Your welcome email will include the credentials for Root Access to your VPS account. This powerful administrative access will give you very granular control. If you don’t have any previous experience, it’s advisable to avoid using it for now. However, you will need root access to do the initial setup for Self-managed VPS plans.

Because of this, the first thing you should do with the root access is to create a regular account. To do this, you will need an application such as PuTTY to create a secure connection to your VPS server.

Once you’ve installed the application, use the Root User credentials provided in your welcome email to log in.

Creating a New User Account

Once you’ve logged in, you can use common Linux commands to create a new account. This is a three-step process and includes creating the user account, associating it with a password, and granting the appropriate permissions.

The exact commands and process may vary depending on the OS you’ve chosen. For example, in CentOS:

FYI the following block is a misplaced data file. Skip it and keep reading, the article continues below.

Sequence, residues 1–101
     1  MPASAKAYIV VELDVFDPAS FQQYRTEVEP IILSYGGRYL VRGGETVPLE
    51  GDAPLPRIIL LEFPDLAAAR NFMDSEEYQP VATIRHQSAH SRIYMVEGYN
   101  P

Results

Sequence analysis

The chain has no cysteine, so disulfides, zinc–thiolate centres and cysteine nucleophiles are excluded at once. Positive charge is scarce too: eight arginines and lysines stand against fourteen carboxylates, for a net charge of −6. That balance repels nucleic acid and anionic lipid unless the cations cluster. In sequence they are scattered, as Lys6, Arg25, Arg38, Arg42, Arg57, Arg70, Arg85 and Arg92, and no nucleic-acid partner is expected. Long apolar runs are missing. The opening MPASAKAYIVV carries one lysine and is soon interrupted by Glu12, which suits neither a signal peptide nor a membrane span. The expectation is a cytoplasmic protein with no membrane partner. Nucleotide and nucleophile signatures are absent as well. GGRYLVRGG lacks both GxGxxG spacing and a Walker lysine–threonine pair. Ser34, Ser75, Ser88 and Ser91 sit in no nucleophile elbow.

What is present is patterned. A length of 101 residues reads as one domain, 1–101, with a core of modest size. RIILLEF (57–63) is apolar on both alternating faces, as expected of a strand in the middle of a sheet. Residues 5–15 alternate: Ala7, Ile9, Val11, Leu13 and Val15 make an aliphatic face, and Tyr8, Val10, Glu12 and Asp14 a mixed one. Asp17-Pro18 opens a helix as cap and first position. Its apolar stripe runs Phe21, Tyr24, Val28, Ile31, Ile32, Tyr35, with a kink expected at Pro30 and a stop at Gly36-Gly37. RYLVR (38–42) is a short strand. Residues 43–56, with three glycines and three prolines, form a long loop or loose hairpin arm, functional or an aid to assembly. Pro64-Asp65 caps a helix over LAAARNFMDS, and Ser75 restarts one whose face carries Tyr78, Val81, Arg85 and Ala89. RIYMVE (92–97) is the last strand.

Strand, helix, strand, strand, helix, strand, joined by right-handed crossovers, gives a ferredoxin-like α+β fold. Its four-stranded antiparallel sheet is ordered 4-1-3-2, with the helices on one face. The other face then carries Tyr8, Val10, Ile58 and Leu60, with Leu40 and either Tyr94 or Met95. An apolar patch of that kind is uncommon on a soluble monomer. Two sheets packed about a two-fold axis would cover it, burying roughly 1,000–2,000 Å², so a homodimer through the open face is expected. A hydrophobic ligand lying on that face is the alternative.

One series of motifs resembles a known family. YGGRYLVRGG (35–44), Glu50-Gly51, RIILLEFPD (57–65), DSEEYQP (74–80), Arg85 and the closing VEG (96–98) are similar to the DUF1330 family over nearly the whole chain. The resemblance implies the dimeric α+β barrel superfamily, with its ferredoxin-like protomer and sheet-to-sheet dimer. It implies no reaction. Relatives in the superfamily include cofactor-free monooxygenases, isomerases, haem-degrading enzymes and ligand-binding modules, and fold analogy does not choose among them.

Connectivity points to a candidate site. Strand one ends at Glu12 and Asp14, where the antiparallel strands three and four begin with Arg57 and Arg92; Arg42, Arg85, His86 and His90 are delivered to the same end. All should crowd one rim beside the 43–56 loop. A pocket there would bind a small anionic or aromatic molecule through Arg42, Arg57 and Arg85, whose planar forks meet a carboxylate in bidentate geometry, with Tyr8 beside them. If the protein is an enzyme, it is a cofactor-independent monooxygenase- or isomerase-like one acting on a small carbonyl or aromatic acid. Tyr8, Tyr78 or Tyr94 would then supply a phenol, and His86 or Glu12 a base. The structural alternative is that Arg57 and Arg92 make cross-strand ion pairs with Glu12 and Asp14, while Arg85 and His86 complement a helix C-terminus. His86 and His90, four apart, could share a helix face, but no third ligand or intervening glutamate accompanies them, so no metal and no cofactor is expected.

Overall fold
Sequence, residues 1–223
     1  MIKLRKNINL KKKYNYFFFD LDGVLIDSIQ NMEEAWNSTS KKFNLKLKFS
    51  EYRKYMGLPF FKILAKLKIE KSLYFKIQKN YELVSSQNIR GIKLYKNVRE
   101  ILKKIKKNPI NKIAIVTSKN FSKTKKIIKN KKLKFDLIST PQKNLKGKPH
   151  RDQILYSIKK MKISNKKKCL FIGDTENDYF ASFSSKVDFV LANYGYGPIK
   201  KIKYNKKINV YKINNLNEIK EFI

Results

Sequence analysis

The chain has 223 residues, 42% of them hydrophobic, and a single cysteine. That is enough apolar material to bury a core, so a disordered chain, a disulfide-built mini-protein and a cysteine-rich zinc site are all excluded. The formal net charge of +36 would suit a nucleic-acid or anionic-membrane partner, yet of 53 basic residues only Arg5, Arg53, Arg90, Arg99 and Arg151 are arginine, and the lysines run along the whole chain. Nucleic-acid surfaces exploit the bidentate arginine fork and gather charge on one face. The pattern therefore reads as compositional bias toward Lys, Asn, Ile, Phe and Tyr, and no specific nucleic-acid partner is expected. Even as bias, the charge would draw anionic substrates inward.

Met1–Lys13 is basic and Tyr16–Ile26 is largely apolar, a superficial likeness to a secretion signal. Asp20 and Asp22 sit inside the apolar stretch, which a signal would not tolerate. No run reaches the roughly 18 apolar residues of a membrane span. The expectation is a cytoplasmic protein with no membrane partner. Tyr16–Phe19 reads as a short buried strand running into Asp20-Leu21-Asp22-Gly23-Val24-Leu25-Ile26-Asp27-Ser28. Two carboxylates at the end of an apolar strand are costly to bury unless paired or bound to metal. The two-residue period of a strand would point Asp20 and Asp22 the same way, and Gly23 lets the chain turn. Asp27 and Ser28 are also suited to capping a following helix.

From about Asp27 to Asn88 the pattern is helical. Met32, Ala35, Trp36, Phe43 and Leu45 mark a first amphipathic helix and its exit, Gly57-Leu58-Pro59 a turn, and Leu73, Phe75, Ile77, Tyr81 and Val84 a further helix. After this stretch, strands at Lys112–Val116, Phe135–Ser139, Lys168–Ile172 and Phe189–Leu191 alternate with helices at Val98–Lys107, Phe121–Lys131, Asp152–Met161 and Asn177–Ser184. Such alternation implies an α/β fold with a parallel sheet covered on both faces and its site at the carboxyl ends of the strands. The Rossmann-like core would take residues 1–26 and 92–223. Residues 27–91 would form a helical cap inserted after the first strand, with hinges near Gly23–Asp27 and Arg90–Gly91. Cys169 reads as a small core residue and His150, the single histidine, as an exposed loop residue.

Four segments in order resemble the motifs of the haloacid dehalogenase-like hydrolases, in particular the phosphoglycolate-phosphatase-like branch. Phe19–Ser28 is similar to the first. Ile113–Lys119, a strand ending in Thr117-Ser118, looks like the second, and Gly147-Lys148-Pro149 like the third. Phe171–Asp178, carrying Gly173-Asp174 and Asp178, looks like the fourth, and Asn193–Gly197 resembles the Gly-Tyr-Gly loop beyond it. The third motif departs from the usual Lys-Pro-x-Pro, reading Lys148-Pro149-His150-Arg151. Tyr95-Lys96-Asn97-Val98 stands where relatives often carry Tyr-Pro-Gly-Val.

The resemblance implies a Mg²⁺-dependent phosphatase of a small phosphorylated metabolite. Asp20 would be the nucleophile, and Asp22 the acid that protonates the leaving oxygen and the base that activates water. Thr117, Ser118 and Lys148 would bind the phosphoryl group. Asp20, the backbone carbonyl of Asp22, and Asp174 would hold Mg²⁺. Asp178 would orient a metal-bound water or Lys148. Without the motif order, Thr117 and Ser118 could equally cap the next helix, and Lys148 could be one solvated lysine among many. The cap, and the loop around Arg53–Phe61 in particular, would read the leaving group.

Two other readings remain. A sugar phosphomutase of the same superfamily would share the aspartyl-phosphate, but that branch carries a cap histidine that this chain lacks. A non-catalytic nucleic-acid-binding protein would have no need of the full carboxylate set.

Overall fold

# adduser newusername 

(Creates a new user account called ‘newusername’)

# passwd newusername 

(Allows you to assign a password to the ‘newusername’ account)

# gpasswd -a newusername wheel 

(Adds ‘newusername’ to the ‘wheel’ group)

Linux has a few user groups with various permissions by default. To understand the permissions that each user group has, refer to the documentation for the distribution of Linux you’ve chosen as your OS.

Basic Security

Once you’ve created your new user account and granted it the appropriate permissions, you should take steps to secure your VPS account. Again, the process for this will vary depending on which OS you’ve chosen.